GardenGrrl's WunderBlog

Quick Hello

By: GardenGrrl, 9:58 AM GMT on July 28, 2009

Hello North Texas, are you enjoying all this much needed rain? Caught about an inch and a half in the rain gauge as of the afternoon.

Just got back from Las Vegas. It rained there too. The way lightening fills the open desert sky is beautiful. We were exhausted and took a cab from the Mirage back to our hotel New York, New York. The strip traffic was backed up so the driver took the freeway. It was the most amazing sight to see lightening crackle across the big dark pyramid of the Luxor Hotel.

My new schedule will leave less time to blog, but I will check in and do some lurking here and there.

Peace from the blog porch. :-)


Cute Kitten Needs Home N. Texas

By: GardenGrrl, 8:29 AM GMT on July 11, 2009

The worlds sweetest kitten needs a home.
Earlier I wrote about the most adorable kitten that followed me around the yard all night. Little grey tiger striped cutie with a big purr motor. Against my better judgement and allergies I let the kitty inside for awhile to cool off and sleep.

Apparently several of the neighbors have been caring for this kitten too. We are all trying to find him/her? a home. Currently neighbor across the street is keeping the kitten in her bathroom. She has a large dog and an older grumpy dog so kitty can't run in the house.

We are in Lewisville. If you would like a little kitten with a big purr that is very personable and affectionate, this is the kitty. She is also very quiet. Neighbor said the kitten hasn't made a peep all night long in her bathroom, but is ready to cuddle the minute she opens the door.

This really is a great kitten. We would all like to keep her but can't because we all have too many critters. If you want a little bundle of love, this one is it!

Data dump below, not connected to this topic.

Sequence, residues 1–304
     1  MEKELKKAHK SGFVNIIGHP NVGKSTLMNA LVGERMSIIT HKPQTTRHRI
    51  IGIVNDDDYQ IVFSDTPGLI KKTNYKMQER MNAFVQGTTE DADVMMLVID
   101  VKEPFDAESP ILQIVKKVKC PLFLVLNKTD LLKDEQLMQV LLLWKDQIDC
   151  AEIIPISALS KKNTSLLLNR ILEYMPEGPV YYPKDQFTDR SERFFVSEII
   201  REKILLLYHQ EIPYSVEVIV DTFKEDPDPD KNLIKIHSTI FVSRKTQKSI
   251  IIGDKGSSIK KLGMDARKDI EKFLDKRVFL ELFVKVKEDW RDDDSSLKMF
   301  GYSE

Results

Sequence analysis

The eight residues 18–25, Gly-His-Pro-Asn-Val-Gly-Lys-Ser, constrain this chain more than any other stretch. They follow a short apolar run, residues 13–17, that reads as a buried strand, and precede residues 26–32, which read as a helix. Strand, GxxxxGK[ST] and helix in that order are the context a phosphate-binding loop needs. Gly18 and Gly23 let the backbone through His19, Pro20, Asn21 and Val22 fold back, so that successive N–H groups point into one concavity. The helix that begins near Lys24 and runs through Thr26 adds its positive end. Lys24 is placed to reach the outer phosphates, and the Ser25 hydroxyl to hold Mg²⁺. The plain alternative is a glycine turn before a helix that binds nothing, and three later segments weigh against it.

Making Home Made Yogurt Blog down here
Hi and thanks to all who stopped by to see the balloons in the last blog. Well, North Texas has been continuing with it's heat wave. The airport reported 102f yesterday. My two thermometers in the shade both reported 108f. It is officially freakin hot.

The good news is that when it is hot outside it is really easy to make yogurt. Some of you may be going; "eeew, don't like yogurt". However, I know that for those of us that do like this versatile and yummy dairy product your curiosity is piqued. Yes, Virgina you can make great yogurt at home.

Below is a link to website that I have found to be the easiest to follow with regards to making yogurt at home. The one thing I do different is that I don't use a double boiler, I just hold the candie thermometer off the bottom of the pan and stir constantly with a rubber spatula.

No incubator is necessary. If it's hot out (over 85f) you can wrap your covered container of yogurt mix in towels and set it on the porch for three to four hours. Do not put in direct sunlight! The longer you incubate, the tarter the yogurt gets. Refridgeration stops the process.

Hints: I like to use corning ware with heavy glass covers for my yogurt. Have used plastic (well washed) "country crock butter" containers and lid and that works well too.

The more powdered milk you add, the creamier the yogurt. I use 1/3cup to 1/2cup nonfat powdered milk in my mixture.

Use only PLAIN yogurt with live cultures as a starter. Flavored yogurts don't work. Dannon is a good starter, so is Brown Cow (really creamy).

Even a teaspoon of sugar or honey will add taste to the yogurt. If you don't want sweet yogurt, don't add even a small amount of sugar.

Homemade yogurt develops "water pockets" after you scoop some out of the container. This doesn't mean your yogurt has gone bad. Just carefully spoon or pour out liquid.

Most important, play with the recipes after you master your first batch until you create the perfect yogurt for what you are cooking or eating.

Some of my yogurts I make with extra powdered milk and then let set 4 1/2 to 5 hours so it's like low calorie sour cream for dips.

Other yogurt I only incubate for 3 1/2 to 4 hours and I add fresh fruit, chopped walnuts and other goodies for a meal.

You can also make a sweet yogurt and add honey, sugar and maybe a touch of vanilla towards the end of cooking and before you add the starter culture.

What ever you come up with, have fun and play with your food!

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Also check the link Sandi left, there are many ways to make your own yogurt. Link

Updated: 1:06 PM GMT on July 14, 2009


The views of the author are his/her own and do not necessarily represent the position of The Weather Company or its parent, IBM.

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